Friday, April 15, 2011

Linens and lace


1. Cloth woven from flax.
2. Garments or other household articles such as sheets made, or originally made, oflinen.


Noun: A fine open fabric, typically one of cotton or silk, made by looping, twisting, or knitting thread in patterns.
Verb: Fasten or tighten by tying laces

I've always loved linens and lace. Especially vintage. Lace always represented to me daintiness and being feminine. The linens remind me of all the holiday and formal dinners and events we had in our home. I guess too, nostalgia plays a part in my love for them. I always like to know who made it, how long did it take and knowing some of these methods used back then are a dying art form now. When I opened the pillowcase that held all these beautiful "works of art", immediately, the room was filled with the scent of my childhood.

When we had to put my mom in the nursing home and my dad nearer to her, we had to do an estate sale. As much as we would have loved to have kept everything, we couldn't . Mom had a small room she was moving to and dad , a 1 bedroom apt. , so we had to condense as much as possible.

As I was going thru all mom's things, I tried to pick out the things that were extra special to her and had been made by her parents and grandparents.

As a child, I remember all the bridge club nights. All the friends would gather together at one home, (kids included.)All day my mother would iron all the "bridge cloths" to cover the card tables. I can still see her ironing with her green, glass "7-up" bottle, with a cork with holes to dampen the linens before she ironed them. The smell of spray starch lingered in the air.

This lacy dress was worn by my great aunt Mae. She was a school teacher and dressed like this every day.


I think my mother kept everything!! She even had the lace pillow and blanket my grandfather used as a baby. With all it's delicacy, it's hard to believe it survived over a 100 years of several baby generations.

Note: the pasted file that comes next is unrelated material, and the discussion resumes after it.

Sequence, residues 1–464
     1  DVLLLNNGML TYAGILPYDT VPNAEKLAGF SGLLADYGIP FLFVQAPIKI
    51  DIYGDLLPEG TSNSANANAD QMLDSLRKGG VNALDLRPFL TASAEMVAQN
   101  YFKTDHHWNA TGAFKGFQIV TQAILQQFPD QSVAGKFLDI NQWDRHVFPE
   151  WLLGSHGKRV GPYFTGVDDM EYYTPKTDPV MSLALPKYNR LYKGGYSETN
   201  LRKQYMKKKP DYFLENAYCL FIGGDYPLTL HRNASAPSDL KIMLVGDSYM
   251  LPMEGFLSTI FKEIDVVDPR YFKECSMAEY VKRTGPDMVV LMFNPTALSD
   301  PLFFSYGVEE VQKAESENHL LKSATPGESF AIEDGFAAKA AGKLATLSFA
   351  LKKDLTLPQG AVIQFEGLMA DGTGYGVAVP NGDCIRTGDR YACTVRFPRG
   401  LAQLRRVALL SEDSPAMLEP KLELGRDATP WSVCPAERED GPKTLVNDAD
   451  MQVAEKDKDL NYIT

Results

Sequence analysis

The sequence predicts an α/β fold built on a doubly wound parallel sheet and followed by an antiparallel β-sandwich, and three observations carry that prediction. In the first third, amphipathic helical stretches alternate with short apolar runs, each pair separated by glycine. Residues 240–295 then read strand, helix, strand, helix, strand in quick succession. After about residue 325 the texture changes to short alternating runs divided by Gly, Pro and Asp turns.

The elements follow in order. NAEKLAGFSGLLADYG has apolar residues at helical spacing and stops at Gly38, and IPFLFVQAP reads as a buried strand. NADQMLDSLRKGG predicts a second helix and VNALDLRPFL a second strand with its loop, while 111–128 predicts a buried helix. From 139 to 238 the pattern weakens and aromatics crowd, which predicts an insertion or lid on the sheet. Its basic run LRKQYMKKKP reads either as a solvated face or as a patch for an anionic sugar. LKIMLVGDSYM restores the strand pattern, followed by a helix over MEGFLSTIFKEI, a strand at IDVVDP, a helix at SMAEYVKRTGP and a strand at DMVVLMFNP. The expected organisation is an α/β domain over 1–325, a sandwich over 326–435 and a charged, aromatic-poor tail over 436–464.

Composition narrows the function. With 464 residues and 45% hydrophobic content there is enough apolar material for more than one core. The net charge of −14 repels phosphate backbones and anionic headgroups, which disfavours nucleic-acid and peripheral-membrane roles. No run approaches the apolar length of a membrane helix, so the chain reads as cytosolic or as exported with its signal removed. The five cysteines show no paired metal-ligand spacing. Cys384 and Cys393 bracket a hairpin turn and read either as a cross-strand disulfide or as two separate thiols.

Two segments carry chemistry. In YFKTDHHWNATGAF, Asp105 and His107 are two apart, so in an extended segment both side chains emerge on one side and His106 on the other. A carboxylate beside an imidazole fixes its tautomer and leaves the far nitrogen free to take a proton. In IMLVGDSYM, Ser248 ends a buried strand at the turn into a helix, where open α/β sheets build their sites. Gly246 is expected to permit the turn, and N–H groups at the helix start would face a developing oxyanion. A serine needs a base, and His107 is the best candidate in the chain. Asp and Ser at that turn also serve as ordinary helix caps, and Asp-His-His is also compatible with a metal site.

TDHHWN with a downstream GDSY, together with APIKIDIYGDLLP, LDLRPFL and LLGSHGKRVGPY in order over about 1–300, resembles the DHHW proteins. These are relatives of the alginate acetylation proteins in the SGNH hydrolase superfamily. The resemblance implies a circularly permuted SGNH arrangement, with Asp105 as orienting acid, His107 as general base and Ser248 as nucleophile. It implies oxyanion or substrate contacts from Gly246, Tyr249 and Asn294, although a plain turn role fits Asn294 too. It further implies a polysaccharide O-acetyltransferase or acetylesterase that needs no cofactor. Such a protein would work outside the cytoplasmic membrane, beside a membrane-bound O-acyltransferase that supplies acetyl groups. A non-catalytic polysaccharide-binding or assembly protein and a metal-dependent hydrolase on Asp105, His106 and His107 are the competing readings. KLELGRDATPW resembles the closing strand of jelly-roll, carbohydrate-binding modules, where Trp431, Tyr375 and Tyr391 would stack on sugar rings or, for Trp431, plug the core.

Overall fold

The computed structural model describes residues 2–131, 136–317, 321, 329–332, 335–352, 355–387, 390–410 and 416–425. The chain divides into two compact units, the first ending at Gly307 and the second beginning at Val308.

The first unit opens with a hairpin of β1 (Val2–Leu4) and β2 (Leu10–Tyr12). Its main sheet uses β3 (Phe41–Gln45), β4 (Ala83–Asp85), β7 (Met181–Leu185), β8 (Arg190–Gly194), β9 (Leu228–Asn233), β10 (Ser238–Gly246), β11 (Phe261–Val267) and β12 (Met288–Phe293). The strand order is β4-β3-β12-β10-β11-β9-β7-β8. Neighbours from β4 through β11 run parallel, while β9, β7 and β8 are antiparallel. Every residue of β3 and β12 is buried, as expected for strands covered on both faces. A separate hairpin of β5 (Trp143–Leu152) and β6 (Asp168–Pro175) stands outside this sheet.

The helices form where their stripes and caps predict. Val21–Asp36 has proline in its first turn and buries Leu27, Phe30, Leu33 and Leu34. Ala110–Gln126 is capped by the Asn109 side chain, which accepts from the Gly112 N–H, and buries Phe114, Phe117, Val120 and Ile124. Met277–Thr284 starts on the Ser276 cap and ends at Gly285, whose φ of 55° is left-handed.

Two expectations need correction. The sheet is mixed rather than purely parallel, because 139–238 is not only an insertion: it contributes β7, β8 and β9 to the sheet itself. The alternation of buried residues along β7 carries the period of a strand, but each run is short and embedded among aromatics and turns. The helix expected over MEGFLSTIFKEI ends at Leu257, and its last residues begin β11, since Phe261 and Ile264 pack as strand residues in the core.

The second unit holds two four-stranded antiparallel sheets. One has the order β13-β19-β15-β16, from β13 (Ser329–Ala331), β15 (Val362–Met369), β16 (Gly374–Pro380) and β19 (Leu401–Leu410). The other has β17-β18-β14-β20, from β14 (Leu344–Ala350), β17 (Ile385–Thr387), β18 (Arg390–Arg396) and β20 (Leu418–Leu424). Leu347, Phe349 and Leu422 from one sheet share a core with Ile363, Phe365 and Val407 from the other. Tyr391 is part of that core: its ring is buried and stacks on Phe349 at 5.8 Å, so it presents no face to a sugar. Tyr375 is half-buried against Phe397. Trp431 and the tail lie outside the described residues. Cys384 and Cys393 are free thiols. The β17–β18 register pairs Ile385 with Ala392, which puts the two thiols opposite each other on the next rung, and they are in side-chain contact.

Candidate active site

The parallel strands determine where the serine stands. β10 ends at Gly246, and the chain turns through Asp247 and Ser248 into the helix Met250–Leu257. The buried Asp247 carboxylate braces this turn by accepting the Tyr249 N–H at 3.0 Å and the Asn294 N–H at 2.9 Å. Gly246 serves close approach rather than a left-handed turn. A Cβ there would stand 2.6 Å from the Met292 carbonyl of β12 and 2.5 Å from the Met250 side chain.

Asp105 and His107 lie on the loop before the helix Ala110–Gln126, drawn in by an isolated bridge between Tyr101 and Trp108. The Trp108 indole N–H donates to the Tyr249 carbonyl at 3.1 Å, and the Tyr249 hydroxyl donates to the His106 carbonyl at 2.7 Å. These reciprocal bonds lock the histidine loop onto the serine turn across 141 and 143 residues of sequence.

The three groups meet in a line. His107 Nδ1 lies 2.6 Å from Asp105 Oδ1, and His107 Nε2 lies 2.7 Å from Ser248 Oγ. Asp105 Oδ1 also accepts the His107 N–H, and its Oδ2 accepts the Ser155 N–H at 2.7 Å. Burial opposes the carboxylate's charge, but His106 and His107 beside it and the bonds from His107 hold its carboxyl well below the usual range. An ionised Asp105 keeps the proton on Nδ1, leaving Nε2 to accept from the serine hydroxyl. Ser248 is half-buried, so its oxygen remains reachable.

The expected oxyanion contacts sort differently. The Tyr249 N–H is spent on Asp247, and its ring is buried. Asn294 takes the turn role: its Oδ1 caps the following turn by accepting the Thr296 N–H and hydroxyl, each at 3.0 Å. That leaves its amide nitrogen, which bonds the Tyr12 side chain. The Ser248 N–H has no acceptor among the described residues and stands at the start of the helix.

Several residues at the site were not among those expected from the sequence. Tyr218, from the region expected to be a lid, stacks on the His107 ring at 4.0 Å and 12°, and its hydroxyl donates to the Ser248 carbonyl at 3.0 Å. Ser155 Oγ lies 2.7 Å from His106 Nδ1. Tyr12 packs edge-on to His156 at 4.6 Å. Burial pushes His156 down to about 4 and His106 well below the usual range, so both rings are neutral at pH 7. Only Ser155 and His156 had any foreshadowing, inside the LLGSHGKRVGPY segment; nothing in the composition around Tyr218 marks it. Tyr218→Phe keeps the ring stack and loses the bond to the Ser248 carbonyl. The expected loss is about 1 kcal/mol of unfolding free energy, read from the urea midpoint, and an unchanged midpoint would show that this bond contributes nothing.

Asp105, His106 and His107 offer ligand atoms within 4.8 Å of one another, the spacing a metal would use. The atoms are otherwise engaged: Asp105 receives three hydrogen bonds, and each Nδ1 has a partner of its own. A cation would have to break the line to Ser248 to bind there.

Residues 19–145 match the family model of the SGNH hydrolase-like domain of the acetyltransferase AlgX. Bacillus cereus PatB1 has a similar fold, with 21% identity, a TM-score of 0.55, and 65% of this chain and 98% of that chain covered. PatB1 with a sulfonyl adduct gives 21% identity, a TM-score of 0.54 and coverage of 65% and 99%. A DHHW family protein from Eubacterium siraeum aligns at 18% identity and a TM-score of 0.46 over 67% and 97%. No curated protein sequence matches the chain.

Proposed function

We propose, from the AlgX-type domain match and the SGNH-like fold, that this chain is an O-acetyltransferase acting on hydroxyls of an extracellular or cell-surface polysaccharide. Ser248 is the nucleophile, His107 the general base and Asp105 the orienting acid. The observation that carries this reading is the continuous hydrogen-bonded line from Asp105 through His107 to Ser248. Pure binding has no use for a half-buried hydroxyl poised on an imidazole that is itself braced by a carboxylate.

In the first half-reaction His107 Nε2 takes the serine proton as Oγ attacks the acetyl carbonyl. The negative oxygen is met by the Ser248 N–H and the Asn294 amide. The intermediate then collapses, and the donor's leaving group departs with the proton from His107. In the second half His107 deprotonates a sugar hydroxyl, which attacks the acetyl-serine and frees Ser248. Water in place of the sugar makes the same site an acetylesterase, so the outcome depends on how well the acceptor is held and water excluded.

The detail is remarkable and I find it astonishing someone spent so many hours making this bedding.
Other linens she kept were the "tea towels." They were all hand
embroidered and hand sewn.
And yes, all these were ironed too before they were hung. I never really understood ironing something you would be wiping her hands on over and over again , but just did as she asked (sometimes.) Of course there were the bed linens, that had alot of cotton in them and wrinkled very easily. Again, my mother ironed each and every one of them.

I know if my mom could,she would iron all my clothes, linens , and then some. I took it for granted for so long. Even after being on her feet as a nurse for double shifts, she could still stand for hours so we would have smooth sheets and pillowcases to lay our bodies on.

Many of these items have started to tear ,and basically age has deteriorated them to a point, I have decided to create some things from the lace and hand sewn parts of the linens. I have alot of ideas rolling around in my head. I just want to make sure, before I cut into any of them, that I still give all the love and hard work that were put into each one them, the honor they deserve. Hopefully the created items will be handed down to my grandchildren someday.


  1. I remember alot of those Cindy. Thanks for posting.

  2. I love old linens. Thank you for sharing yours. I am new to blogging and I want to photograph and share many of my finds too. I have to learn to display them and make them interesting. There is nothing like hand embroidered or old lace linens. Just one of my many loves.